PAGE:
Closing the Inventory Loophole: Developing a New Standard for Civilian Inventory Searches from the Military Rules of Evidence
32 Pages Posted: 1 Sep 2012
Date Written: March 1, 2012
Since the Supreme Court's 2009 decision in Arizona v. Gant, the inventory exception to the Fourth Amendment warrant requirement has taken on increased importance in police investigations. Gant imposed significant limitations on the State's authority to search a vehicle, yet police have avoided the constitutional restrictions stemming from the rule espoused in Gant through use of the inventory doctrine. This expansion of the use of the inventory exception directly undermines the rationale behind the doctrine: to allow police to conduct a suspicionless, administrative search for the purpose of safeguarding items taken into custody.
Currently, a majority of courts focus on the policies adopted by police departments in determining the legality of any given inventory search. Yet this focus does not adequately address the underlying rationale of an inventory search: allowing for suspicionless administrative searches but prohibiting searches that are conducted for investigatory purposes.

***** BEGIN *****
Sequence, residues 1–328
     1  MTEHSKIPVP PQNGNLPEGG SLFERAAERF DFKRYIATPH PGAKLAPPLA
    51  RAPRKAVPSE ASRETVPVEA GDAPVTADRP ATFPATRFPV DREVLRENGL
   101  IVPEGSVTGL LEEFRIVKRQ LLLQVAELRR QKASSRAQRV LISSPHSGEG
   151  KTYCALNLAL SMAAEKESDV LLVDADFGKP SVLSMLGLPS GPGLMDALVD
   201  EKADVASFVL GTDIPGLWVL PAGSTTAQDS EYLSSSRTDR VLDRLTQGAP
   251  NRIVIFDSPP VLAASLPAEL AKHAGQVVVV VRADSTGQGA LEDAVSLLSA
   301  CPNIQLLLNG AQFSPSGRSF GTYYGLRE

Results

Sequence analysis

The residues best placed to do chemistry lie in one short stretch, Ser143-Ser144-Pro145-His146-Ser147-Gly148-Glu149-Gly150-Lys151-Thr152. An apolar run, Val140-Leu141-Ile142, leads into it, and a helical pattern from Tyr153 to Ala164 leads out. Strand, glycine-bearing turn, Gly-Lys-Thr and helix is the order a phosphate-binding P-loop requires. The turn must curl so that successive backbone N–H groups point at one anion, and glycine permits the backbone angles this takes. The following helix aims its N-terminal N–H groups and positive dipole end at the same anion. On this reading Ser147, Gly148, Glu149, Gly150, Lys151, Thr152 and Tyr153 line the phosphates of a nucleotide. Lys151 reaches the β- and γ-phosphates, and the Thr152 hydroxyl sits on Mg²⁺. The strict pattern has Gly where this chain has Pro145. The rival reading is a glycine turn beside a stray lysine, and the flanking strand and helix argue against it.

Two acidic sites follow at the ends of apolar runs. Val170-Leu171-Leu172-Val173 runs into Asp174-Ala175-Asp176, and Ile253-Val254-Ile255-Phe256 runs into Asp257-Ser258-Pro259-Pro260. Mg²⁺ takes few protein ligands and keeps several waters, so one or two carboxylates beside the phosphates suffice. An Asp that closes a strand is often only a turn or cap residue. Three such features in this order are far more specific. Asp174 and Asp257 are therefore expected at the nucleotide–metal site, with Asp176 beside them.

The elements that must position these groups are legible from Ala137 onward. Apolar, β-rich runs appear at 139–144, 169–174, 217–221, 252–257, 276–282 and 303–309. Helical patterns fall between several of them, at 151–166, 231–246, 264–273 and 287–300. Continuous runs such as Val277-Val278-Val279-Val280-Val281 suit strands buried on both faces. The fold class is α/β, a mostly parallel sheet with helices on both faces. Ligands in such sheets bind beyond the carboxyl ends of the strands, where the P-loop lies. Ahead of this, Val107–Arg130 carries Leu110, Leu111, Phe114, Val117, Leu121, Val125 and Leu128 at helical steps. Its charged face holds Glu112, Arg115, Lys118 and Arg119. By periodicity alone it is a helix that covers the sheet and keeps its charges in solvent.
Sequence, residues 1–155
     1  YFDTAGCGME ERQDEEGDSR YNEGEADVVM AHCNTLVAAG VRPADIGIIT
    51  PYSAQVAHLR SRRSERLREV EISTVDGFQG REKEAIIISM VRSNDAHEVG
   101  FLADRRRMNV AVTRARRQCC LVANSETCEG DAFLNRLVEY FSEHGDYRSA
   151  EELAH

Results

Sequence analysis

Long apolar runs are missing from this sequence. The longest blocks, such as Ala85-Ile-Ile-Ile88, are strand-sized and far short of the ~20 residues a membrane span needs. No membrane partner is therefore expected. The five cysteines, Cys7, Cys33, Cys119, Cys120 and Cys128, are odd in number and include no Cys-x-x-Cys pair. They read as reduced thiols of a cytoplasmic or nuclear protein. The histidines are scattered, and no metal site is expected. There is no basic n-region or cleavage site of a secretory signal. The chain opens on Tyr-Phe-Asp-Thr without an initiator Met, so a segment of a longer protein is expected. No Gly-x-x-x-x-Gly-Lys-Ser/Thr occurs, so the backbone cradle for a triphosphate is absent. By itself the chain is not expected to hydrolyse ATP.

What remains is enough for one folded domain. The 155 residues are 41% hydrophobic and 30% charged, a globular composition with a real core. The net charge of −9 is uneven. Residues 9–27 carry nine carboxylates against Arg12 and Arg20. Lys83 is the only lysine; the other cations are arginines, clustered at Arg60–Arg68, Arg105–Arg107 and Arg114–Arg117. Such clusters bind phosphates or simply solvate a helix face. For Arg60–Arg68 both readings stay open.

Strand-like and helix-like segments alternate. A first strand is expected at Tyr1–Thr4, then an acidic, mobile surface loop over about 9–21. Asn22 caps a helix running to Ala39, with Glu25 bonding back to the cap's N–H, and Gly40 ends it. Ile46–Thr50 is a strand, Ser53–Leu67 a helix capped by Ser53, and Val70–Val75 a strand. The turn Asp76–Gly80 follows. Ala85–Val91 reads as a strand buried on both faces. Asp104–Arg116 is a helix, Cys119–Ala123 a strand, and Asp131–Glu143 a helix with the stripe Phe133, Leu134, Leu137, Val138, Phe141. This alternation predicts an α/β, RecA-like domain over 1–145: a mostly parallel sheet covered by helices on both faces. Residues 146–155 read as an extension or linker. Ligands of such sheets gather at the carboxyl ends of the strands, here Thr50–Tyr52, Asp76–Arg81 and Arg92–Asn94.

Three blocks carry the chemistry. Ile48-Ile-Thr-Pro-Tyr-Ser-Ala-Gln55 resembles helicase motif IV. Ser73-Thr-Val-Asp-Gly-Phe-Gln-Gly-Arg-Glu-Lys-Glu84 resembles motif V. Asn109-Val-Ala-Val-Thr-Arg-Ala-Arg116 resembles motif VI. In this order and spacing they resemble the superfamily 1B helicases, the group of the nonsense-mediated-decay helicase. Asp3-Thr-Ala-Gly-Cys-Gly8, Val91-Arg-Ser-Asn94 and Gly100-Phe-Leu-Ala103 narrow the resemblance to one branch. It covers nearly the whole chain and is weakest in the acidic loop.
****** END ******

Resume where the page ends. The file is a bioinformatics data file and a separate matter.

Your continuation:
A far more effective way of safeguarding those constitutional protections exists in the military system of justice. The Military Rules of Evidence incorporate procedures for court-martial proceedings that ensure certain types of administrative searches are not conducted as a ruse to avoid constitutional protections. The procedures governing the admissibility of evidence obtained from military "inspections" effectively balance the administrative needs of the military and the privacy rights of the individual service member.
Adapting these procedures rule for use in determining the legality of inventory searches in the civilian justice system would ensure that constitutional protections are preserved and that suspicionless administrative searches are not used to circumvent those protections. By examining the purpose behind an inventory search and allowing defendants to meaningfully challenge such searches, this Rule would provide a better means of guaranteeing the constitutional rights espoused in the Fourth Amendment.
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